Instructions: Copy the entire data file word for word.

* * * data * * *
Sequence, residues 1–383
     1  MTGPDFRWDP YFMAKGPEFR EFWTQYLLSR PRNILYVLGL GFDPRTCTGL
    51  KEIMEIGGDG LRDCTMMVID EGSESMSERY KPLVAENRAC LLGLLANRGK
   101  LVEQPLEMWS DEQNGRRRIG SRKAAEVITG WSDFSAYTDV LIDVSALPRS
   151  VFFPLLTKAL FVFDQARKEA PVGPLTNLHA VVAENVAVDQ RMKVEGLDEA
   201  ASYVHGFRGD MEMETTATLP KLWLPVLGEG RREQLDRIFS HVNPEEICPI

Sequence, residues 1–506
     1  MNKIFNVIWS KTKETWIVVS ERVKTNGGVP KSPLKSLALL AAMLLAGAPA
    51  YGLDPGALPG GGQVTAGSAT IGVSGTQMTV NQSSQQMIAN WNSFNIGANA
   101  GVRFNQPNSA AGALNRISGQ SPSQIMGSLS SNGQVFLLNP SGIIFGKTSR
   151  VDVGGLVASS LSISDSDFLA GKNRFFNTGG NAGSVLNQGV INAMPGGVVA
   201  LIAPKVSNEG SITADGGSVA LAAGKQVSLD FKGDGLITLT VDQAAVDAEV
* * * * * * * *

Sequence, residues 1–383
     1  MTGPDFRWDP YFMAKGPEFR EFWTQYLLSR PRNILYVLGL GFDPRTCTGL
    51  KEIMEIGGDG LRDCTMMVID EGSESMSERY KPLVAENRAC LLGLLANRGK
   101  LVEQPLEMWS DEQNGRRRIG SRKAAEVITG WSDFSAYTDV LIDVSALPRS
   151  VFFPLLTKAL FVFDQARKEA PVGPLTNLHA VVAENVAVDQ RMKVEGLDEA
   201  ASYVHGFRGD MEMETTATLP KLWLPVLGEG RREQLDRIFS HVNPEEICPI

Sequence, residues 1–506
     1  MNKIFNVIWS KTKETWIVVS ERVKTNGGVP KSPLKSLALL AAMLLAGAPA
    51  YGLDPGALPG GGQVTAGSAT IGVSGTQMTV NQSSQQMIAN WNSFNIGANA
   101  GVRFNQPNSA AGALNRISGQ SPSQIMGSLS SNGQVFLLNP SGIIFGKTSR
   151  VDVGGLVASS LSISDSDFLA GKNRFFNTGG NAGSVLNQGV INAMPGGVVA
   201  LIAPKVSNEG SITADGGSVA LAAGKQVSLD FKGDGLITLT VDQAAVDAEV